My progress
Chris Katko


Homemade water cooling reservoir second attempt once I bought a drillbit set.

Edgar Reynaldo

At first glance I thought you had created your own IV :


Chris Katko

I have.


Eric Johnson

That's pretty cool. You should fill it with the oil from a lava lamp. 8-)

Chris Katko

I was actually thinking of measuring how effective Mountain Dew is at cooling a CPU.


I was actually thinking of measuring how effective Mountain Dew is at cooling a CPU.

It would probably be pretty good for a while, but since it would be nearly impossible to not expose it to oxygen at some point, it'll get start to get sticky, I'd imagine.

Chris Katko


The price of running a l33t haxor battlestation is, a weekly flush of fresh Mountain Dew!


What are you currently using, PG?

Chris Katko


I'm using automotive 50/50 coolant/water mix. =D I've always got coolant lying around from all my crappy cars so it seemed a logical choice.

And since my actual degree (as opposed to what I get paid for!) is in mechanical engineering, if I couldn't solve a system of pump/radiator/etc selection, as well as lubricant compatibility with seals, basically, I never should have graduated. :)

I could/should probably run less than 50/50 mix since water is a much better heat transfer medium, and there's tons less metal to react with through electrolysis in a CPU cooling setup than a full engine. So I really don't "need" all those additives, nor is my computer ever going to hit -30 F.

Though, I did run it outside once over the winter and had it at ~20 F! The cheap PVC tubing actually goes from flexible, to super stiff (that I dare not bend lest it burst), as it gets that cold. It also had a light layer of frost around it.

I was going to use this full size Toyota radiator:


But the fittings to go from 1.5" down to 3/8" cost more than the radiator alone and it's so bulky (and my space so limited in my place right now) that I figured I'd reduce the complexity of the project a bit to ensure completion. And I can "upgrade" or build a second one with it later on. Also, the other big issue is that car radiators are super fragile and expect to be protected by the surrounding car. Having one in the open is a recipe for disaster. So when I move up to it, I'll have to build a protective grill/box for it. The "CPU" grade radiators are a little more durable because they know people are stupid and bump into things.


PG = propylene glycol

It can be used as a cheap replacement for coolant fluid.

It's also used (in food grade quality) extensively in bars and restaurants in post-mix systems to keep the syrups from separating from the carbonated water. Another use is in e-fluid for the same purpose. Most E-fluid is either 1 50/50 or 30/70 mix of PG and VG (vegetable glycerin).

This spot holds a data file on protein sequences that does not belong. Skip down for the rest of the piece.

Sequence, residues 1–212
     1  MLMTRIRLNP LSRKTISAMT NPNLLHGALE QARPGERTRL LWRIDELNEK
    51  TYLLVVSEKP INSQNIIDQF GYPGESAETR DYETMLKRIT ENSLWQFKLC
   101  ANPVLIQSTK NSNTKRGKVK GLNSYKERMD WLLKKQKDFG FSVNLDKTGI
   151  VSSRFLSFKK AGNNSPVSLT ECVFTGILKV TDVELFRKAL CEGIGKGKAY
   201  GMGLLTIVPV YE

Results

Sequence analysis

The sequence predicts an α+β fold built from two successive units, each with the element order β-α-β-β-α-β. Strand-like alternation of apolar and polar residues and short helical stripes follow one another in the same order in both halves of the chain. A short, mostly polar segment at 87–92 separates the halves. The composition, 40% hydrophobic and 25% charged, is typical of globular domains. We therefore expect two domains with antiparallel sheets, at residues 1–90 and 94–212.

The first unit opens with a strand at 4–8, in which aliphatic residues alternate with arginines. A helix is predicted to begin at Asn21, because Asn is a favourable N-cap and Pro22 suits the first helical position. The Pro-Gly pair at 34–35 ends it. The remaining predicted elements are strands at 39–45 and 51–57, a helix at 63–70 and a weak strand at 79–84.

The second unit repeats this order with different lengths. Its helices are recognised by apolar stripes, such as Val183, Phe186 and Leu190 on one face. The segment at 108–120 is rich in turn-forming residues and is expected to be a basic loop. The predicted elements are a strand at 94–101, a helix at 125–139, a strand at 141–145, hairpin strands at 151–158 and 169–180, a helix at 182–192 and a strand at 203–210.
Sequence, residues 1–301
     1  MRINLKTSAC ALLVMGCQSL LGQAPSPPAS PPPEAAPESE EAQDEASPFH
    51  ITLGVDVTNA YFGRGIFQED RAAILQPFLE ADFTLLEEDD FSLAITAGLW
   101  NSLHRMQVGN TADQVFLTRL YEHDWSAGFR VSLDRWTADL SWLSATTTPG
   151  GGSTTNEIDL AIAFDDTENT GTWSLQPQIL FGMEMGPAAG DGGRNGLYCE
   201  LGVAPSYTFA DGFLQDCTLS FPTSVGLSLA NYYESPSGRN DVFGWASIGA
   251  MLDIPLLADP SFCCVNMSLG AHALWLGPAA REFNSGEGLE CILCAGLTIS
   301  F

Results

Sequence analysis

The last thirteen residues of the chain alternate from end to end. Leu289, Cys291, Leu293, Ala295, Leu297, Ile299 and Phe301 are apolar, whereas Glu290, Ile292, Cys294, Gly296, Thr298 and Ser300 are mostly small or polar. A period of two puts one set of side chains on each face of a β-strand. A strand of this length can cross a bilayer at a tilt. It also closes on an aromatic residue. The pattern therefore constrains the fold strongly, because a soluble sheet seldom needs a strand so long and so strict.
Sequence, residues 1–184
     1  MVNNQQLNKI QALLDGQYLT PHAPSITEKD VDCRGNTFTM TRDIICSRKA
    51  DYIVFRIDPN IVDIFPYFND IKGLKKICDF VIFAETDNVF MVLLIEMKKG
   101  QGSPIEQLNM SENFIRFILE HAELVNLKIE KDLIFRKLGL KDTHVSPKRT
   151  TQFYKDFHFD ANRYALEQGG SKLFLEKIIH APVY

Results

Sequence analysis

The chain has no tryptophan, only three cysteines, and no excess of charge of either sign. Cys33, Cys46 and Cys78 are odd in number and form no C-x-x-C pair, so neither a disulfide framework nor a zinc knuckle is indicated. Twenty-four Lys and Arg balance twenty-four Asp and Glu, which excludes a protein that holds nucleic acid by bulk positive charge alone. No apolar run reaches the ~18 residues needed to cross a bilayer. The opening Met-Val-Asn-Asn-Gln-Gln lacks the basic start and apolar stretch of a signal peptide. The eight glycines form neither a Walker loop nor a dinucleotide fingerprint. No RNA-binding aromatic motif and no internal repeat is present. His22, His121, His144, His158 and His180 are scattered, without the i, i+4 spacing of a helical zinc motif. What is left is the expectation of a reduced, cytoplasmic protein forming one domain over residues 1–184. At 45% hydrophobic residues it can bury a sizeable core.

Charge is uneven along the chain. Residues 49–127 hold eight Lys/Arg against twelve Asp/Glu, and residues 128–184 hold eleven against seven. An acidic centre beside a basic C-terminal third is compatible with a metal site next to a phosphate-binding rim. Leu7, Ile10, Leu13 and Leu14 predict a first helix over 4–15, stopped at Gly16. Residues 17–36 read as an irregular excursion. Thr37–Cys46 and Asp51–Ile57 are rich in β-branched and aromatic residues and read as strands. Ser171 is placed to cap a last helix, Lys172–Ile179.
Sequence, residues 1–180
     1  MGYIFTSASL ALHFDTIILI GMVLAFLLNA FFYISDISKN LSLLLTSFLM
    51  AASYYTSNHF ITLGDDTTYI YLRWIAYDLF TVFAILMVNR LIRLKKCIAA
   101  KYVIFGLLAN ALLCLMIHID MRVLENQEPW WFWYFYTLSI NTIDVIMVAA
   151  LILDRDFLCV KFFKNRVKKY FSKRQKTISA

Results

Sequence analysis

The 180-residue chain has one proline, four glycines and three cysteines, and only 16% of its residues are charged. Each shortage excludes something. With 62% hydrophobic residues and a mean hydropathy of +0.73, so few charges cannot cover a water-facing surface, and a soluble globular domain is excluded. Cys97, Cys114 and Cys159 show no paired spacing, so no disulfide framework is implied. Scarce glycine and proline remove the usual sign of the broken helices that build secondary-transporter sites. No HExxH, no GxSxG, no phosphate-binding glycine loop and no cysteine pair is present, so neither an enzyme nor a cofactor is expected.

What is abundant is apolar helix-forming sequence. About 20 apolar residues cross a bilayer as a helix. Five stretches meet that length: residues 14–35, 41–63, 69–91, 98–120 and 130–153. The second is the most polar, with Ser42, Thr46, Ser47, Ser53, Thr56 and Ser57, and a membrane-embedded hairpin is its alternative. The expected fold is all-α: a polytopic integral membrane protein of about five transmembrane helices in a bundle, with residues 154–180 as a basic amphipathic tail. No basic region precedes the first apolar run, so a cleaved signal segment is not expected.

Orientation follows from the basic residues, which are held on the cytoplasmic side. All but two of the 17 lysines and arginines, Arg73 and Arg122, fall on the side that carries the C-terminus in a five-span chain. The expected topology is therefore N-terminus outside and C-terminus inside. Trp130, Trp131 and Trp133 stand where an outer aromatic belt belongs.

Chris Katko

I'm running ethylene-glycol. So far, no problems with any of the seals being eaten.

(Bottle also mentions diethylene glycol and potassium 2-ethylenhexandate)


Specifically, a mixture of 60% ethylene glycol and 40% water freezes at −45 °C (−49 °F).[3]

That's actually neat. The freezing point of a certain mix, ends up lower than the freezing points of BOTH individually. I can't remember if we covered that in Chem class (10+ years ago!)

And of course, 50% distilled water.

Basically, I picked up a bottle of generic "all car" 50/50 mix, and dumped it in. Ran it for a few weeks out of the system to see if it'd eat any seals, and then installed it.

I don't recommend touching it with your hands (no gloves) though. I'm sure it's toxic, and very sticky... like a sugary (non-diet) soft-drink.

Though the material safety literature/etc shows it's not super dangerous unless you actually drink it:

[edit annoyingly long URL]
[/edit annoyingly long URL]



[when touching] the rate of penetration is so slow that excretion and metabolism
pathways are not overwhelmed. Metabolites do not accumulate, therefore, and toxicity does not occur.

I couldn't find any material details on the seals used from random Chinese fitting sellers. But "meh, !@$! it" happened so I winged it. If I was actually experienced in engineering (as opposed to degree), I'd probably be smart enough to tell the material of an o-ring by feeling it, smelling it, etc.

Oh, and PVC should definitely be rated for EG:

Although, with the bends from gravity/etc, I really could have sprung for the "reinforced PVC" so the tubes wouldn't easily collapse on themselves for future projects. I thought "it's not under vacuum or high pressure so = go cheap" but I didn't think about the small 3/8" tubing collapsing so easily.


Yeah, the toxicity of other alternatives is also a reason why some people use PG. It's completely harmless (we consume amounts of it everyday in processed foods).

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